A difficult period for the Spanish coalition government after the end of the NATO summit in Madrid

Sánchez speaks with a senior NATO official during the summit. The Spanish flag is upside down.

Prime Minister Pedro Sánchez accepted two proposals which must now be approved by parliament. The problem is that the PSOE’s coalition partner, Unidas Podemos, opposes it

The Spanish coalition government is facing a very important new challenge. During the NATO summit which has just ended in Madrid, Prime Minister Pedro Sánchez accepted that the United States increase its military presence at the naval base of Rota (Cádiz) and he must have this approved by parliament, as well as a proposal that would commit Spain to increasing its defense spending to 2% of GDP – double the current rate – in 2029. The problem is that the PSOE’s coalition partner, Unidas Podemos, is opposed to the two, and in response, Sánchez said they needed to think about what it means to be in NATO.

He elaborated on this in a television interview on Thursday, saying: “We have to be aware that beyond Europe and NATO the world is very complicated, it is very cold and it is important that we defend our way of life based on an international order. which is based on certain rules, which are the ones that Putin broke,” and he argued that greater investment in defense generates jobs, business and opportunity in different territories.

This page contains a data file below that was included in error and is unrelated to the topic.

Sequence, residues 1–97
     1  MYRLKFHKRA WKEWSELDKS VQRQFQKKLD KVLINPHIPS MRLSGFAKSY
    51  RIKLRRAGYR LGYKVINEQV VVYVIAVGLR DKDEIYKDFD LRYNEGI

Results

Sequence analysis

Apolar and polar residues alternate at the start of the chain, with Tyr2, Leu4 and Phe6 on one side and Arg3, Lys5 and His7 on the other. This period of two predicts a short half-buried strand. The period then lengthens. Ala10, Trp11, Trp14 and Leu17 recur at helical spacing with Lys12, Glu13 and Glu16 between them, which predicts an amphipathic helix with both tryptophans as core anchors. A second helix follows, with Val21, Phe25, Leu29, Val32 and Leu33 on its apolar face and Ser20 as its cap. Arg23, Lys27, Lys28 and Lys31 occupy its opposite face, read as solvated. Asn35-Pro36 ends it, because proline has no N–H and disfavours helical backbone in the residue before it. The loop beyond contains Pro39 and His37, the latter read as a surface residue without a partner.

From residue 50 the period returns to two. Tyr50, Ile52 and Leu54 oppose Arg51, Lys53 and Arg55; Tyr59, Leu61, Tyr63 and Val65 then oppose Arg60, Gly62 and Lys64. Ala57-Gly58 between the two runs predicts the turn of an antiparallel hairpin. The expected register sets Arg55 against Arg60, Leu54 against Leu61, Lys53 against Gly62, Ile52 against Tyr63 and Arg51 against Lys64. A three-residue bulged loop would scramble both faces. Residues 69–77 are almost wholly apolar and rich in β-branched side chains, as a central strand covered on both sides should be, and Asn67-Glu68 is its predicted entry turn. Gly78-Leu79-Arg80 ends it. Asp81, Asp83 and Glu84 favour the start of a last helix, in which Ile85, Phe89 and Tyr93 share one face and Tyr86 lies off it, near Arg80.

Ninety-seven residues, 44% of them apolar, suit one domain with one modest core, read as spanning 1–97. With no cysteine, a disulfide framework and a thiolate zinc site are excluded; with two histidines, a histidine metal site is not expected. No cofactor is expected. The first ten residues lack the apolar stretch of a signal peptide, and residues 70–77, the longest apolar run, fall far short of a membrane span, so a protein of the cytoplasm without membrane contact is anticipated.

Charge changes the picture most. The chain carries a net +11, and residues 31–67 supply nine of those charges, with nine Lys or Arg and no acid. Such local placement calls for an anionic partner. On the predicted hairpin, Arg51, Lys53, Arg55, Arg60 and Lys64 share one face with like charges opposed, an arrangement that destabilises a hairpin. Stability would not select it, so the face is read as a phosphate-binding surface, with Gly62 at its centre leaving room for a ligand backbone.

No U-turn this time?

In the past, Unidas Podemos threatened to vote against certain measures but backtracked at the last moment, and Sánchez is counting on them to do so again. However, this time might be different. Party general secretary Ione Belarra insisted that Podemos does not see the deal reached with Biden as relevant, and said what Europe needs is more strategic autonomy and not to depend on external parties.

She also said she would try to convince Sánchez that Spain needs “guaranteed income, more doctors and more teachers, not more weapons and tanks.”

Unidas Podemos is not alone either. Other usual allies of the Socialists in parliament such as ERC, EH-Bildú and Más Pais have also spoken out against the plan. However, the PP, Vox and Ciudadanos said they would support both proposals.

Pedro Sánchez seems quite confident that he will soon be able to push through both measures, but at the moment nothing seems certain.